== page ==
Il trionfo del tempo e del disinganno in Aix

The tense, three hour knock-down-drag-out seduction of Beauty by Pleasure consumed our souls in this triumphal evening. Forget Time and Disillusion as destructors, they were the very constructors of the beauty and pleasure found in this miniature oratorio.

Pelleas et Mélisande in Aix

Three parallel universes (before losing count) — the ephemeral Debussy/Maeterlinck masterpiece, the Debussy symphonic tone poem, and the twisted intricacies of a moldy, parochially English country estate.

Siegfried, Opera North

This, alas, was where I had to sign off. A weekend conference on Parsifal (including, on the Saturday, a showing of Hans-Jürgen Syberberg’s Parsifal film) mean that I missed Götterdämmerung, skipping straight to the sequel.

Götterdämmerung, Opera North

The culmination of Opera North’s “Ring for Everyone”, this Götterdämmerung showed the power of the condensed movement so necessary in a staged performance - each gesture of each character was perfectly judged - as well as the visceral power of having Wagner’s huge orchestra on stage as opposed to the pit.

OPERA TODAY ARCHIVES »

Reviews

Martina Serafin as Tosca [Photo by Catherine Ashmore courtesy of Royal Opera House]
12 Jun 2011

Tosca, Covent Garden

The current Tosca at the Royal Opera House is something of a classic, revived four times in five years. It’s now being filmed for cinema to be released in November 2011.

Giacomo Puccini: Tosca

Angelotti: Lukas Jakobski, Sacristan: Jeremy White, Cavaradossi: Marcelo Giordano, Tosca: Martina Serafin, Baron Scarpia: Juha Uusitalo, Spoletta: Hubert Francis, Sciarrone: Zhengzhong Zhou, Shepherd Boy: William Payne, Gaoler: Joihn Morrisey. Conductor: Antonio Pappano. Chorusmaster: Renato Balsadonna. Director (original): Jonathan Kent. Director (revival): Duncan MacFarlane. Designs: Paul Brown. Lighting: Mark Henderson. Royal Opera House, London, 7th June 2011.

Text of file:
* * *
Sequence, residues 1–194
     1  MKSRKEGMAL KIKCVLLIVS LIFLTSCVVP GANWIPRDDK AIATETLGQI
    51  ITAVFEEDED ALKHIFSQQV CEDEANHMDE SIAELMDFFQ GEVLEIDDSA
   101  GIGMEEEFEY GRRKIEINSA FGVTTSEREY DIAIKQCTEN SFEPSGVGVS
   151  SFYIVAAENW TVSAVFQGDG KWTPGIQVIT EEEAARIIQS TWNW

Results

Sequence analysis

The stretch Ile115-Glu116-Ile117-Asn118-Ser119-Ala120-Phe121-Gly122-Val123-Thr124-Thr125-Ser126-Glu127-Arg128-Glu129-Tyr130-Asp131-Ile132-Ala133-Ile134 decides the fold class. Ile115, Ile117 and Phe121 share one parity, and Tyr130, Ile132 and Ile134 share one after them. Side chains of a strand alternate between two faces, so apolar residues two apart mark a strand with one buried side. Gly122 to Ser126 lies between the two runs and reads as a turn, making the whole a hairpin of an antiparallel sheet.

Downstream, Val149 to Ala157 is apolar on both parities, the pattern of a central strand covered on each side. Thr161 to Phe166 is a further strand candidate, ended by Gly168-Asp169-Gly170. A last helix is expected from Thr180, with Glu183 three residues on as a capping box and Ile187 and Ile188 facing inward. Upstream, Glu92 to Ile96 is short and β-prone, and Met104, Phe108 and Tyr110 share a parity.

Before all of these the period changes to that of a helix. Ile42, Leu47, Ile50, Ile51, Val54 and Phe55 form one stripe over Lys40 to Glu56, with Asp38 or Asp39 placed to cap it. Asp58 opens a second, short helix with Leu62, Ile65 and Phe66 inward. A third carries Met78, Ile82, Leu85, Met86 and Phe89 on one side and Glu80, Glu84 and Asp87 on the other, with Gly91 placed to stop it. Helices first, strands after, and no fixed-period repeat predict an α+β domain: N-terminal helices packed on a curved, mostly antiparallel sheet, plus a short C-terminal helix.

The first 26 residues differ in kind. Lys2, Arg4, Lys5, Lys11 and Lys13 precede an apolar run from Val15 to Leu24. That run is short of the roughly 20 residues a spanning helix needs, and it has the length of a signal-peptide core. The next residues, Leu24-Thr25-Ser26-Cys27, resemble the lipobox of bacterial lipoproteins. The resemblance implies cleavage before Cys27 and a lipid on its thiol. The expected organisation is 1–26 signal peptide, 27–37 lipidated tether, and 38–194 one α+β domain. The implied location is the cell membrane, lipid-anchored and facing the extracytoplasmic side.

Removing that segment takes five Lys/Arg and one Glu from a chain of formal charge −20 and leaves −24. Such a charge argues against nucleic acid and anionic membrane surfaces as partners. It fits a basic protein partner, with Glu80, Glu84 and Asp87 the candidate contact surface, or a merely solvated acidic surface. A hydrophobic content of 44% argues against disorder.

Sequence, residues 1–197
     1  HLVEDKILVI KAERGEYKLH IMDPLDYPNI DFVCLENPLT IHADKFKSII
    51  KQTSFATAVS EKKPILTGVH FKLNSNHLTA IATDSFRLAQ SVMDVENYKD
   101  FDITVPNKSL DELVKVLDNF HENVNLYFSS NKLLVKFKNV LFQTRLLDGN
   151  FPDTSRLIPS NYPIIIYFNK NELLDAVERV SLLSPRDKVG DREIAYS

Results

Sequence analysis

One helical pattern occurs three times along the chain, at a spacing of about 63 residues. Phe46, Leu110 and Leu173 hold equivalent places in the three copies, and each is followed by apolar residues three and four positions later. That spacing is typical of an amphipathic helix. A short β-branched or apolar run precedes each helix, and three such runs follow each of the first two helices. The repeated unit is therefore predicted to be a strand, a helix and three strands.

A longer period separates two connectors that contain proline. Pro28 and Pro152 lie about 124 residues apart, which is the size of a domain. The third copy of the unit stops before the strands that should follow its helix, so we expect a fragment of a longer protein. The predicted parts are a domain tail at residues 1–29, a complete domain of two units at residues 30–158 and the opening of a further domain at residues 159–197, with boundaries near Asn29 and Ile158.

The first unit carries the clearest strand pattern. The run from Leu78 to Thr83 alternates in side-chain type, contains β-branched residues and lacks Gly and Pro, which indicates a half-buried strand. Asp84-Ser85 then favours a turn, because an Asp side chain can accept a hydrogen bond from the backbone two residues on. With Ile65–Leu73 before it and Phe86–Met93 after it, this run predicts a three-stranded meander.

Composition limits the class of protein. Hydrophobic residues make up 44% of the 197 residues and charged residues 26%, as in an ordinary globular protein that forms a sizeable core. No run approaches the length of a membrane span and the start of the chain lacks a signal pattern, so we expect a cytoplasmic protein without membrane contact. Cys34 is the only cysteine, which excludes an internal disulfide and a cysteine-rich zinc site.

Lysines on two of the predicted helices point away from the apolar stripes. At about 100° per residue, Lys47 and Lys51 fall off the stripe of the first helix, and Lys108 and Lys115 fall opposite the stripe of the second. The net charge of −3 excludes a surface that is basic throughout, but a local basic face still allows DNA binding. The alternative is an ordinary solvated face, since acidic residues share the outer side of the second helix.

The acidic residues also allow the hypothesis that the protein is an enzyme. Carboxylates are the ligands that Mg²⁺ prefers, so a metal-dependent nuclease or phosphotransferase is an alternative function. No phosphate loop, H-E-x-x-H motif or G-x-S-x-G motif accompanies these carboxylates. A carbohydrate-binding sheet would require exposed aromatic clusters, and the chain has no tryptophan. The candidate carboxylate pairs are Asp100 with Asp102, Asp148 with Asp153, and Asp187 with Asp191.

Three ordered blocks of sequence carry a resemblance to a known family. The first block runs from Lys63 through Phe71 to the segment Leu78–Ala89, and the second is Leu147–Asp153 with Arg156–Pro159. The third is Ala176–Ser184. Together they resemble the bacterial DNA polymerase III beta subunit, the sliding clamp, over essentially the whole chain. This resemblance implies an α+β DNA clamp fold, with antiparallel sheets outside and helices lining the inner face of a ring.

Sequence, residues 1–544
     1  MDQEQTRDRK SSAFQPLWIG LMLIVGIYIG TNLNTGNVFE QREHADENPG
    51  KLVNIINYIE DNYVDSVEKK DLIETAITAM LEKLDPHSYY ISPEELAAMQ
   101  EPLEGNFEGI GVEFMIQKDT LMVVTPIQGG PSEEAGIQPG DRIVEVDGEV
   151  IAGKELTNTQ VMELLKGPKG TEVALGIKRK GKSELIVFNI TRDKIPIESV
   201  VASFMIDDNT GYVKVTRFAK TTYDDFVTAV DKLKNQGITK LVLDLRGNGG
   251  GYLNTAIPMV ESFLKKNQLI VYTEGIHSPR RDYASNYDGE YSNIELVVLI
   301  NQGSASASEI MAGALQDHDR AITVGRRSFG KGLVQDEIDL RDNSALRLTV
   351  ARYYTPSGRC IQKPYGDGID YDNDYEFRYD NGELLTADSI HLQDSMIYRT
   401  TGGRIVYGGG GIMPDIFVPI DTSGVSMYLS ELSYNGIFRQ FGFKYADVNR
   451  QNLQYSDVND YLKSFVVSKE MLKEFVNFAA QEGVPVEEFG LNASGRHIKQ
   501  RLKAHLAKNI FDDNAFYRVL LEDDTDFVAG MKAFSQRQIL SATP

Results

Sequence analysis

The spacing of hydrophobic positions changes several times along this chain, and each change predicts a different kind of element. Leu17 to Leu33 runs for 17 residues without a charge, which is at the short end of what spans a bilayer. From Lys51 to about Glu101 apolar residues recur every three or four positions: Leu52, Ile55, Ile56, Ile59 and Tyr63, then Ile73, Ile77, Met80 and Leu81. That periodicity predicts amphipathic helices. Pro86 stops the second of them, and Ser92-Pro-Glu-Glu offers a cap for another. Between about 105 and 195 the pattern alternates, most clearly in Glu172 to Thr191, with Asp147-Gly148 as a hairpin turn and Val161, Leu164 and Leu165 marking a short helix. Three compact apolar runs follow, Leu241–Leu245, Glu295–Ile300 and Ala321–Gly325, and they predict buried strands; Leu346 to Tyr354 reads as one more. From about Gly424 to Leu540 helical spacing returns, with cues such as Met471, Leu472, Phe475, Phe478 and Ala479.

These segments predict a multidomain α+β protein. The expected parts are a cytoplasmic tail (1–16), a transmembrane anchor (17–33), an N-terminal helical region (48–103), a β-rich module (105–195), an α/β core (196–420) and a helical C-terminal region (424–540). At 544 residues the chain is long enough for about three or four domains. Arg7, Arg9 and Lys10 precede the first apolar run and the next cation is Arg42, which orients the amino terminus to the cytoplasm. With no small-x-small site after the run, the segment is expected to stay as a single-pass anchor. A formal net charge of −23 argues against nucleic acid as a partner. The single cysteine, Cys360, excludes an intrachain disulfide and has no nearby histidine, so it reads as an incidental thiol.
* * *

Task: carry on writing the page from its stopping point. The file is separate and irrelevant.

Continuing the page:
Above: Martina Serafin as Tosca

All photos by Catherine Ashmore courtesy of Royal Opera House

 

The film will feature Angela Gheorghiu, Bryn Terfel and Jonas Kaufmann, all of whom have sung in this production before — Gheorghiu and Terfel together in 2006 and 2009, and Kaufmann for the first time in 2008.

The current season started, however, with an alternate cast — Marcelo Giordano, Juha Uusitalo and Martina Serafin. Giordano sang Cavaradossi in 2006, and with Gheorghiu and Terfel in 2009, so he’s experienced in the role. On the first night of the run, he had intonation problems to start with, but settled well, only to have his voice break badly in the crucial Act Three arias. No-one regrets it more than the singer himself, when “E muoio disperato!” comes out more desperate than it should be. But such things happen, even to very experienced singers. In any case, this audience didn’t seem to mind and applauded him warmly. Tosca is such a glorious opera that it’s always a good night out even when it’s not perfect.

TOSCA.2484ashm_0188.gifMartina Serafin as Tosca and Juha Uusitalo as Scarpia

Juha Uusitalo was making his Royal Opera House debut, though he’s appeared all over Europe and in the US, and in concert performances in London. His Scarpia is interesting, more subtle and introspective than some, but that’s a perfectly valid interpretation of the role. Tosca wears her heart on her sleeve, but Scarpia has risen to power by concealing his. Scarpia is a cold-blooded hunter who doesn’t reveal himself, but Uusitalo’s tightly controlled phrases and brisk intonation suggest the tension that might lie within the charcater.He’s so used to being in command that he can silence the commotion in church by a swift glance and a sarcastic phrase “Bel rispetto!”. Uusitalo ‘s stage presence carries authority even when he’s not singing.